One cent coins begin being made of copper-plated zinc instead of copper because of rising copper prices.
The West Point Bullion Depository becomes an official United States Mint facility.
The status of the San Francisco assay office is changed back to that of a Mint.
The United States Mint celebrates its 200th anniversary.
The first U.S. Mint website is launched, giving the Mint a presence on the ever-expanding "World Wide Web."
The groundbreaking 50 State Quarters Program begins, a 10-year program in which the quarter’s reverse design changes five times every year, once for each state in the Union. Visit the 50 State Quarters page to learn more.
Twelve Sacagawea Golden Dollars made of 22-karat gold fly into space on the Space Shuttle Columbia. The twelve historic coins will later be stored at Fort Knox.
2000 - Present
The Sacagawea Golden Dollar begins to circulate. Sacagawea was a young Shoshone woman who helped Lewis and Clark on their expedition. To learn more, visit the Sacagawea Golden Dollar page.
West Point strikes the first bi-metallic coin, the Library of Congress Commemorative $10 Coin. The inner portion of the coin is platinum with an outer ring of gold. To learn more about this coin, visit the Library of Congress Commemorative Coins page.
The design on the nickel changes for the first time in more than half a century through the Westward Journey Nickel Series™. Over a three-year period, designs feature Jefferson’s Peace Medal, a keelboat, a bison, the Pacific Ocean, and a sharper image of Monticello. Two new portraits of Thomas Jefferson on the front are also part of the series commemorating the Louisiana Purchase and the Lewis and Clark Expedition. Visit the Westward Journey Nickels page to learn more.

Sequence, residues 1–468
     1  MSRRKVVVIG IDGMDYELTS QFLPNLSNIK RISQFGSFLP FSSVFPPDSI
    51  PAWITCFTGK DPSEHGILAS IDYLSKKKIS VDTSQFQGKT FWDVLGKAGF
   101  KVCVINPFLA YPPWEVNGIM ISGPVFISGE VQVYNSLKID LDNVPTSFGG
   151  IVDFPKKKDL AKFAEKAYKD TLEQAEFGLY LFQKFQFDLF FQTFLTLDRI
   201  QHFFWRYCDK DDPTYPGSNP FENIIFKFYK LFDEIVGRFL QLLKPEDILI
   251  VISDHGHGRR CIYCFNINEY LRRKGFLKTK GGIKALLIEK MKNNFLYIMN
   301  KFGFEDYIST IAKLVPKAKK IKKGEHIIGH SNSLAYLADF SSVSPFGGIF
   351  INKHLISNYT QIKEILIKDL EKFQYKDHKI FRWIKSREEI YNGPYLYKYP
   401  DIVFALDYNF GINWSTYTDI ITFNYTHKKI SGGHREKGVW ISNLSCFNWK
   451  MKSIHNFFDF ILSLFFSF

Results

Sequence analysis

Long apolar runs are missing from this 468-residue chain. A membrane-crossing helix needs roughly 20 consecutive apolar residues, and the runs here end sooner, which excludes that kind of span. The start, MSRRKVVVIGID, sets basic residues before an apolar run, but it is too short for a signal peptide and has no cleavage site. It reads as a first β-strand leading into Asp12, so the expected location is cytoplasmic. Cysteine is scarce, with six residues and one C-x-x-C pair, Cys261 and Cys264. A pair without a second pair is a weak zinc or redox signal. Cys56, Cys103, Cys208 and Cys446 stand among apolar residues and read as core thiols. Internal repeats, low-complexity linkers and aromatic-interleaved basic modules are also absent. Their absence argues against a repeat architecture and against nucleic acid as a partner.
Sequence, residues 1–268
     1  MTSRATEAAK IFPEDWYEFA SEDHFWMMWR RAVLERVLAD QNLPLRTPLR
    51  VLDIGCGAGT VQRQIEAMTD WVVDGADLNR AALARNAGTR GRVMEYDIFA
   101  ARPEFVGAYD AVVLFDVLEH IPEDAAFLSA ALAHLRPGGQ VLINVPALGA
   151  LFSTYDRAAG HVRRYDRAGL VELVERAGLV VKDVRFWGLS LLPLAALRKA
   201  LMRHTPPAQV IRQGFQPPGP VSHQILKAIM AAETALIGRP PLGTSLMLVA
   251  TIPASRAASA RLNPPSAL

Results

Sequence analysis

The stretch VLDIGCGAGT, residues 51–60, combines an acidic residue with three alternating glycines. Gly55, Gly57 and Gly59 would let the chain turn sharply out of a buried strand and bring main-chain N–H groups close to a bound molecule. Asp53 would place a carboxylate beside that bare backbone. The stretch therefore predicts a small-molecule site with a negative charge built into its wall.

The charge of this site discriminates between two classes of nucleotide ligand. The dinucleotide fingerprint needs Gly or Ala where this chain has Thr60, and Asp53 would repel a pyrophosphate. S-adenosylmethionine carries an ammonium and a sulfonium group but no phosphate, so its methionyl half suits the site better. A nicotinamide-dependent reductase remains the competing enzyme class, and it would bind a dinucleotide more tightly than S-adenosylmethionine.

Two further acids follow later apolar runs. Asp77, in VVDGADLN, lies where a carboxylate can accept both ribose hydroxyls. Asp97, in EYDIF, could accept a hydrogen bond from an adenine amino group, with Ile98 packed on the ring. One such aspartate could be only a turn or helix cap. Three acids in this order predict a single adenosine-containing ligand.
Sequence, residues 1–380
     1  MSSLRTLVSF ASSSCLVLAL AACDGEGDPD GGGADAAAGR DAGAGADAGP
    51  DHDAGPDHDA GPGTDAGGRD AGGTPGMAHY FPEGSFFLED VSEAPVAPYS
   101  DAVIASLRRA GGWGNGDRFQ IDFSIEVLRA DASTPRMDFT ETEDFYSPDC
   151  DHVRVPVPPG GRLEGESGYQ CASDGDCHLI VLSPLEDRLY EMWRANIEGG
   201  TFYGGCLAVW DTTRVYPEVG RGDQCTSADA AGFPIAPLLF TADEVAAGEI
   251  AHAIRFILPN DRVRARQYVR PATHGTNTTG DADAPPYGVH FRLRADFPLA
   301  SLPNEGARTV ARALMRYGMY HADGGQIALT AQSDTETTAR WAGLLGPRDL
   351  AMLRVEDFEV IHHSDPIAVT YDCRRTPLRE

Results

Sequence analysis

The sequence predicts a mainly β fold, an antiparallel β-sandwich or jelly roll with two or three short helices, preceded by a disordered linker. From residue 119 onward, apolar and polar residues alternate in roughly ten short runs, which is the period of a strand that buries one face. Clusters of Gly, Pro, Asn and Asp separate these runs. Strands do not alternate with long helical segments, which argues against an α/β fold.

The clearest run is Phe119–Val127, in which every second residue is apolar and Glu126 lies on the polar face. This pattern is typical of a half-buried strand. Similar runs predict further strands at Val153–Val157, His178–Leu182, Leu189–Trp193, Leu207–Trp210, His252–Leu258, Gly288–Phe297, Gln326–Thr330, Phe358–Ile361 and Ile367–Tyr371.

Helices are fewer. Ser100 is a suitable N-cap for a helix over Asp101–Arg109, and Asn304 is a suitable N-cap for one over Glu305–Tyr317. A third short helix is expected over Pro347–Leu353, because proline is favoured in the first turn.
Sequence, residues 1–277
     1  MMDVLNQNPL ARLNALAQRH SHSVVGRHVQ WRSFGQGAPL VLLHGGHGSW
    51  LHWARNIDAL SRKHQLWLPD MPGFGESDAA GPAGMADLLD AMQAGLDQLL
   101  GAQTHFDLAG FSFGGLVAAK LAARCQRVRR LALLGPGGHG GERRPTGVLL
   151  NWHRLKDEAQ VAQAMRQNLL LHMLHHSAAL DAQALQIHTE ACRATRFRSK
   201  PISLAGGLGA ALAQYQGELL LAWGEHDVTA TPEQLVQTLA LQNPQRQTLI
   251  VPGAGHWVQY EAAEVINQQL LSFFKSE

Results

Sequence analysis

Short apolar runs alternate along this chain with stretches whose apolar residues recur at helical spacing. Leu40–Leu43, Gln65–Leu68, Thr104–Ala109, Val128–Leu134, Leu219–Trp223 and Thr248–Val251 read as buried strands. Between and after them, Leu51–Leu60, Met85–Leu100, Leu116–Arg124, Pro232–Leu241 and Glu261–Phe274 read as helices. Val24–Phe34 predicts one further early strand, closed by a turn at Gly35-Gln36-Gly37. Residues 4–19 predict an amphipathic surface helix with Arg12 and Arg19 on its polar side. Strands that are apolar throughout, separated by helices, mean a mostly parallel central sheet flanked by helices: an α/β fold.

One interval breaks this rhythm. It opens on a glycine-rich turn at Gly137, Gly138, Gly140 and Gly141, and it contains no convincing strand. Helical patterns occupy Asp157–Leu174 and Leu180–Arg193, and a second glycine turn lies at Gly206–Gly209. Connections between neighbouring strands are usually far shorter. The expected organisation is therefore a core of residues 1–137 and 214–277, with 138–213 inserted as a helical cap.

The Presidential $1 Coin Program begins with its first design, featuring George Washington. Four new designs are released each year to honor all the presidents who have been deceased for at least two years. The Sacagawea Golden Dollar is still produced as well.
The 50 State Quarters Program ends with the quarter for the 50th state, Hawaii.
The design on the back of the penny is changed four times to depict four periods in Abraham Lincoln’s life. Learn more with the 2009 Lincoln Cents.
A new program calls for six quarter reverse designs to honor the District of Columbia and the five United States Territories. Learn more at the District of Columbia and U.S. Territories Quarters page.
The Sacagawea design from the Golden Dollar becomes part of the Native American $1 Coin Program.
Designs on the back of the coins portray contributions of Native Americans to the growth of the United States, one design per year. Learn more at the Native American $1 Coins page.
The Louis Braille Bicentennial Silver Dollar is the first coin featuring readable Braille. The coin honors Louis Braille, the creator of the system.
A new program of circulating quarters begins.
The designs feature one national site from each of the 50 states, the District of Columbia, and five US territories for a total of 56 designs over more than 11 years. Learn more at the America the Beautiful Quarters® Program page.
A Union Shield is chosen as the new "permanent" design for the back of the penny.
The first curved coin (Baseball Hall of Fame Commemorative Coin) is minted in gold, silver, and clad.